1. Full name:
2. Date of birth:
Jan. 15, 1988
3. Marital status? Children?
It’s complicated. No.
4. Would you describe yourself as religious? If so, what religion/denomination do you subscribe to?
I describe myself as an atheist, but I am born Antiochian Orthodox.
5. Why do you think you’re best placed to be the next Green Party leader?
I am a socialist, an immigrant, a lesbian, and more importantly a millennial, someone who will live to see our extinction if we do not tackle climate change. I have no other choice than to step in and change the path our current politicians have led us down. It affects me directly.
6. What top two problems do you believe the party current faces? And how do you plan to try to overcome them?
A lack of diversity and centralization of governance. We need to advocate what the marginalized communities have been asking for like defunding the RCMP and decolonization, attract talent and support BIPOC candidates in key winnable ridings. We can also decentralize the GPC by having strong regional wings where the members will feel empowered.
“We need to advocate what the marginalized communities have been asking for like defunding the RCMP and decolonization, attract talent and support BIPOC candidates in key winnable ridings.”
7. Why do you think the party failed to win more seats in the last election?
Even though we are the most progressive on most issues, we failed to honour our grassroots values and democratically voted upon policies by having a neo-liberal centrist slogan “Not left, not right, forward together” and were not able to communicate to the population that we are more than a one-issue party. In other words, we were not clear on what we stand for. We also did the mistake to run the last federal campaign from a disconnected office in Ottawa which is another convincing reason for decentralization.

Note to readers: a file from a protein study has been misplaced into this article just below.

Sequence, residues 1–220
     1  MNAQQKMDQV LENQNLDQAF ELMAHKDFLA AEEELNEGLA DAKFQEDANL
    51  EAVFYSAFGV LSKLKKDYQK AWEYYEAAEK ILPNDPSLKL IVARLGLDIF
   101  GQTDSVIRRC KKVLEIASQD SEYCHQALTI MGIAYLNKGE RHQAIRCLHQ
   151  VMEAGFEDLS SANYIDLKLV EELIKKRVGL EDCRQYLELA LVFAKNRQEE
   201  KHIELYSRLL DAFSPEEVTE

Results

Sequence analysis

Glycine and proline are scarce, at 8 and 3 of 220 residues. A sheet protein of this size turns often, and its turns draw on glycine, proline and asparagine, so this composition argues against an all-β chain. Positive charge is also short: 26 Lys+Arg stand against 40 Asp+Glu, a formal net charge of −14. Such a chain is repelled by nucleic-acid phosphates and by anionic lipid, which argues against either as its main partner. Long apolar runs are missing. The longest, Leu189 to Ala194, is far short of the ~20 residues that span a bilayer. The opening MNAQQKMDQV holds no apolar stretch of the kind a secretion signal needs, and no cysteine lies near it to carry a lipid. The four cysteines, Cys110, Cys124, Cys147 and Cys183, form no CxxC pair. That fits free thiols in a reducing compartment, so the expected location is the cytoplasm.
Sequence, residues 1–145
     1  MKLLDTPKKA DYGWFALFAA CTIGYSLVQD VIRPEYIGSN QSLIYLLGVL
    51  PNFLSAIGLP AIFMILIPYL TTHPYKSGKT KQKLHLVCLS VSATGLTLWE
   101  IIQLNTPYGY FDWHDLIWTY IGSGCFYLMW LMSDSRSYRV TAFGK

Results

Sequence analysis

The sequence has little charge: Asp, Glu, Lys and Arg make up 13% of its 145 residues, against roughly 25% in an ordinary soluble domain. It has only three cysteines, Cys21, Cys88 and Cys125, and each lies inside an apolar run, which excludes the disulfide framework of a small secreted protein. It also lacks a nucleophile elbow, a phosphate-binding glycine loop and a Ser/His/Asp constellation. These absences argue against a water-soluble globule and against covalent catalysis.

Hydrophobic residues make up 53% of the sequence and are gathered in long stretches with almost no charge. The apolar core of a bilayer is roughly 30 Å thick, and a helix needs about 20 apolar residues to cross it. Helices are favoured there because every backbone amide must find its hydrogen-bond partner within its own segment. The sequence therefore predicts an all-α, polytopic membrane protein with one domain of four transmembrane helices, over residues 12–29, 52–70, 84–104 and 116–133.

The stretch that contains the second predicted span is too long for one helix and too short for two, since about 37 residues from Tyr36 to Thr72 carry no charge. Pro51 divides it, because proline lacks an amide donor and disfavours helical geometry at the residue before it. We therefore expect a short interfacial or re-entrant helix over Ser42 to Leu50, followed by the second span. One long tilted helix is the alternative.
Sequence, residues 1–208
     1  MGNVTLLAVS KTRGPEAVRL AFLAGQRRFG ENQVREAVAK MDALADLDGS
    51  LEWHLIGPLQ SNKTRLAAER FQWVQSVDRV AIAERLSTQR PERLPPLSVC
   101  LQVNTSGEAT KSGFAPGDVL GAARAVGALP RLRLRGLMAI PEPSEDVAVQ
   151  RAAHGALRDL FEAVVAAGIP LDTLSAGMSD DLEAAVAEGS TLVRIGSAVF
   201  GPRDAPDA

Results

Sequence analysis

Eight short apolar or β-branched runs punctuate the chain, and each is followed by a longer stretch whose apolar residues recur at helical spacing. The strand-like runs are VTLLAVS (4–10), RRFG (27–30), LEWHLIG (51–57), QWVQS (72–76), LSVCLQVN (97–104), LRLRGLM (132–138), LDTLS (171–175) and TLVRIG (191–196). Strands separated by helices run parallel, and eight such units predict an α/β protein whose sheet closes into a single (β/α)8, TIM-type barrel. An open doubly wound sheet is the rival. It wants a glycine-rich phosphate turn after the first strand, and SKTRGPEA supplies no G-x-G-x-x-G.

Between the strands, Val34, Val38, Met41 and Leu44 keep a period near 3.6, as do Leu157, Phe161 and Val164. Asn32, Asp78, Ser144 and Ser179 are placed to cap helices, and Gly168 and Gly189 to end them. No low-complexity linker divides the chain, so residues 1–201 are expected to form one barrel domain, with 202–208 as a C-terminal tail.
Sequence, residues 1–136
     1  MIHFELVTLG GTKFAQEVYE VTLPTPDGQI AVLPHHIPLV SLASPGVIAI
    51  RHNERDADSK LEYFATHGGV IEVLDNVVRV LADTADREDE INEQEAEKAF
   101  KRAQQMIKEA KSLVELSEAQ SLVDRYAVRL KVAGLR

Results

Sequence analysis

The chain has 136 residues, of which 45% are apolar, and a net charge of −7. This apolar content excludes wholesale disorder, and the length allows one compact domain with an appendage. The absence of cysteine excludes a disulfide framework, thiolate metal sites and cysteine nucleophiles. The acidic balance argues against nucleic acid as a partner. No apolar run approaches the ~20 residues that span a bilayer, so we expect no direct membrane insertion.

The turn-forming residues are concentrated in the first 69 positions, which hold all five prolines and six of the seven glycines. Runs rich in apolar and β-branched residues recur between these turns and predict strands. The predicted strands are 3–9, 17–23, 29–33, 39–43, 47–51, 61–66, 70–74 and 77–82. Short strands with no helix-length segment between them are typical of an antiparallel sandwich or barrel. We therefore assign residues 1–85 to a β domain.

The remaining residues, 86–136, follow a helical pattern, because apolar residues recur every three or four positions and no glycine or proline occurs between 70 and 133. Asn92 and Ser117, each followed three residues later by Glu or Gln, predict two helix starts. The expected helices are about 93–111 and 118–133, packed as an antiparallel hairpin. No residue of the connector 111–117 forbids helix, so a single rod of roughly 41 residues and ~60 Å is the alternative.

8. What would be your policy priorities if you become the leader?
Building a Green New Deal that leaves no one behind.
9. What public policy issue do you feel is undercovered and deserving of more political and public attention?
Indigenous rights: getting safe housing and clean drinking water to Indigenous communities
10. What makes you happy?
Spending time with the people I love.
11. Tea or coffee? Beer or wine?
Mate! And, currently, wine
12. Favourite thing to do?
13. What do you consider your greatest achievement?
The grassroots movement that we have been able to create with this campaign and the overwhelming inspiration coming from the volunteers. #WatermelonRevolution
14. What is an invaluable lesson you’ve learned during this leadership campaign or your time in politics?
Things are not always what they seem.
15. What is your most marked characteristic?
Authentic and outspoken
16. What is your greatest fear?
Not being able to change Canadian politics to address the climate and ecological crisis.
17. What is your greatest extravagance?
18. Who is a politician from another political party that you respect?
NDP MP for Winnipeg Centre, Leah Gazan
19. Which living person do you most admire?
20. What is the trait you most deplore in yourself? In others?
In myself, anger and in others, dishonesty.
21. What is your greatest regret?
Not implicating myself in politics sooner because our window is getting smaller and smaller every day.
22. On what occasions do you lie?
I never lie.
23. Which superpower do you wish you had?
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